In an entertaining Gartner IT Symposium/Xpo™ talk in which he both poked fun at high tech and held the industry to high standards, Mr. Kawasaki shared personal stories and industry examples with the audience of CIOs and IT leaders.
In his first three tips, Mr. Kawasaki encouraged companies to make meaning versus money, create a three word mantra instead of a mission statement, and jump to the next curve when innovating beyond their current set of products and services.
No. 1: Make meaning
No. 2: Make a mantra
No. 3: Jump to the next curve
I believe companies should step back and not describe themselves based on what they do but the benefit they provide,” he said. “The real action occurs on the next curve.
No. 4: Roll the DICE
No. 5: Don’t worry, be crappy
No. 6: Let 100 flowers blossom
Next, he discussed the need to create products that are deep, intelligent, complete, empowering, and elegant (DICE); not to worry if products aren’t perfect before shipping them, and take into account how users actually use them versus your original intention for the product. “Let 100 flowers blossom,” he told the audience, citing Chairman Mao Zedong. “You may be surprised how people use your product.”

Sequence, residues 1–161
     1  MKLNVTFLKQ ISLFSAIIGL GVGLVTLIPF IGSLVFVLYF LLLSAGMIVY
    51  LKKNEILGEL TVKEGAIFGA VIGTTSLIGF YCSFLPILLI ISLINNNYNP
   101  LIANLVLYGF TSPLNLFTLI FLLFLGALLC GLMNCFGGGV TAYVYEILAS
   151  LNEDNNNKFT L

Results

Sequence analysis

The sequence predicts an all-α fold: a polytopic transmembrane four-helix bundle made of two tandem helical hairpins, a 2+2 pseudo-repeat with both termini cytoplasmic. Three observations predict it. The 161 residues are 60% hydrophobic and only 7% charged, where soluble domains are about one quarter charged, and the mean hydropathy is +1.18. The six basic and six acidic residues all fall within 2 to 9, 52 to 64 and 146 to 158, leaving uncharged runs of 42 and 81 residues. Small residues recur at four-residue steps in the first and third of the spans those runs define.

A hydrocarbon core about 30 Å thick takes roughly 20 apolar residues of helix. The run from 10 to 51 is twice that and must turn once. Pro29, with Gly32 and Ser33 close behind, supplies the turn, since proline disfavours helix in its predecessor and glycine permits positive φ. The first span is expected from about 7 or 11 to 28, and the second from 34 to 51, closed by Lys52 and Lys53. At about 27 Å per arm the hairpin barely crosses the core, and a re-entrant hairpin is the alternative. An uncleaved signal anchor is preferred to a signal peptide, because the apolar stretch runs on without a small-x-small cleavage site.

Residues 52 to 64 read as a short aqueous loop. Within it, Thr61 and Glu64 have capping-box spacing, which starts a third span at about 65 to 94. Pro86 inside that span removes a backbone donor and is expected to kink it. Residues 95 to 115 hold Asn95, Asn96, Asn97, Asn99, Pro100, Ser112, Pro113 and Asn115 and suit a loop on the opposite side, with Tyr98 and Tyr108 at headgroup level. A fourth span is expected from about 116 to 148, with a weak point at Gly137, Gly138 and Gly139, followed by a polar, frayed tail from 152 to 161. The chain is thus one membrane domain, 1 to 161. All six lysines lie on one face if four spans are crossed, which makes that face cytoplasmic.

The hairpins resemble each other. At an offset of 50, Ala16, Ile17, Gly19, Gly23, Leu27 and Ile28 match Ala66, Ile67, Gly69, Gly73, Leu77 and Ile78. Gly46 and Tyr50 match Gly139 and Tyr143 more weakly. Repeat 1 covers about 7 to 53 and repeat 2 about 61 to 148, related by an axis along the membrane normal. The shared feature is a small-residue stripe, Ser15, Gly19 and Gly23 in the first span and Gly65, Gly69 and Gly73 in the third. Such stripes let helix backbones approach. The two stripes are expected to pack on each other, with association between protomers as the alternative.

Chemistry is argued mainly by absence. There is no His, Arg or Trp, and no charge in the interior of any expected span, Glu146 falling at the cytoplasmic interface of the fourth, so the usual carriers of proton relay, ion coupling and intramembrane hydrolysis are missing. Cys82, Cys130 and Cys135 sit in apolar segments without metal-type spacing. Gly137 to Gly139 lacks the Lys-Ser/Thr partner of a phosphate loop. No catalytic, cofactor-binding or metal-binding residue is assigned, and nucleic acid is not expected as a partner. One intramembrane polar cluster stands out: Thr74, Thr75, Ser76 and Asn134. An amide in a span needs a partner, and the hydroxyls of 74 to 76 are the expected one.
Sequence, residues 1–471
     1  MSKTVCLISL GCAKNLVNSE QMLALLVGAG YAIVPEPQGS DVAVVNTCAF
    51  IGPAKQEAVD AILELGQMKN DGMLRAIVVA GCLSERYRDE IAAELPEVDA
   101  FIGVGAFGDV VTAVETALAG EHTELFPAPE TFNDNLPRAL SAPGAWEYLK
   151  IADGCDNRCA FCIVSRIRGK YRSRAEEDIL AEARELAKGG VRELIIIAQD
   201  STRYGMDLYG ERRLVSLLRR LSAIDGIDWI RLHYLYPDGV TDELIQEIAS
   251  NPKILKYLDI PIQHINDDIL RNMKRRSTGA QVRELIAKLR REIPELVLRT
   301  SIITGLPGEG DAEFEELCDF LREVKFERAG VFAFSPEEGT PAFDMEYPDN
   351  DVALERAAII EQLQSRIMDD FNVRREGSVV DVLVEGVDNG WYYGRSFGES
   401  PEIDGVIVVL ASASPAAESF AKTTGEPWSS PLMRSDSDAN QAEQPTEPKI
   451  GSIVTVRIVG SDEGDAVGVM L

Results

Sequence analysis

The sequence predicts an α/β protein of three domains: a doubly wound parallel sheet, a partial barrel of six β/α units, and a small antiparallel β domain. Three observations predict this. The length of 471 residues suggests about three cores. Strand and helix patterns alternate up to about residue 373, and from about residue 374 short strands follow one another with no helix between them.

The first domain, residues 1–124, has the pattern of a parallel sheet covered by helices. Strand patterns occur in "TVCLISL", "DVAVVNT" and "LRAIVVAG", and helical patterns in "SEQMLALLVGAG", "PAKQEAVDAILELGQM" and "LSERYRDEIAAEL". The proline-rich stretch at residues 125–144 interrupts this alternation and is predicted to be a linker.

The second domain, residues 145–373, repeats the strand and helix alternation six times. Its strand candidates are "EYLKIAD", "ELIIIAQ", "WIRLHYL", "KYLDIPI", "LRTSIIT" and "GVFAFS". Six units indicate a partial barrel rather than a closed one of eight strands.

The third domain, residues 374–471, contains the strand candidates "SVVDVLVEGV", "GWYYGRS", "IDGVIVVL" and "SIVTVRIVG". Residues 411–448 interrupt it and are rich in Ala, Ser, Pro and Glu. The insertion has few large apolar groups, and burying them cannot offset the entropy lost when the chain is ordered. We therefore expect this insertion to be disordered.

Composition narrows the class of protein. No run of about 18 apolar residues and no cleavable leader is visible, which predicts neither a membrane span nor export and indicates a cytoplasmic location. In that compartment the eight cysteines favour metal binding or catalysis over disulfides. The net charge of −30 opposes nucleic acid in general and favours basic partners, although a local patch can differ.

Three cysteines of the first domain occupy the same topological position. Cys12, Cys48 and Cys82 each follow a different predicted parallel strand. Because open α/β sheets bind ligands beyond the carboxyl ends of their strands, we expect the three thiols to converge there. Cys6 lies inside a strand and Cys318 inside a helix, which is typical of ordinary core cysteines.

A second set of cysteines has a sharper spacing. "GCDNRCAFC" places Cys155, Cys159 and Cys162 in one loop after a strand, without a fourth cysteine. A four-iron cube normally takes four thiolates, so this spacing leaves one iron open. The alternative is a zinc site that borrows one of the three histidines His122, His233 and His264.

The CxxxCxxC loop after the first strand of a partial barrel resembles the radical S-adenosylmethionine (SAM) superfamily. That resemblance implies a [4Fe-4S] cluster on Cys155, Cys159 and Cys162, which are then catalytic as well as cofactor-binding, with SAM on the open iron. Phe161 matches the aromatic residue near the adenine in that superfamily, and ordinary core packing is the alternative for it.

No. 7: Polarize people
No. 8: Churn, baby churn
Mr. Kawasaki said that it’s okay to create polarizing products. “These kinds of products create emotions. Some people will love it, some will hate it and that’s okay.” He added that the hardest thing to learn as an innovator is that you will encounter resistance that you must first ignore to move forward, and then take into consideration to improve your product. “Take innovation and churn it,” he said.
No. 9: Niche thyself
No. 10: Perfect your pitch
Finally, he commented on the need for products and services to be unique and have value, summarizing his point #9 as “niche thyself.” Then he told the audience, “You must perfect your pitch for both internal and external audiences.” His advice included keeping presentations to 10 slides, in 20 minutes, with 30 point type size.
For a bonus point, Mr. Kawasaki told the audience to ignore the “bozos” noting both misguided statements by industry gurus and his own misstep many years ago when he couldn’t see beyond the PC era to the Internet curve. If listening to these statements keep you from trying he said, “you’ll never know if you will succeed.”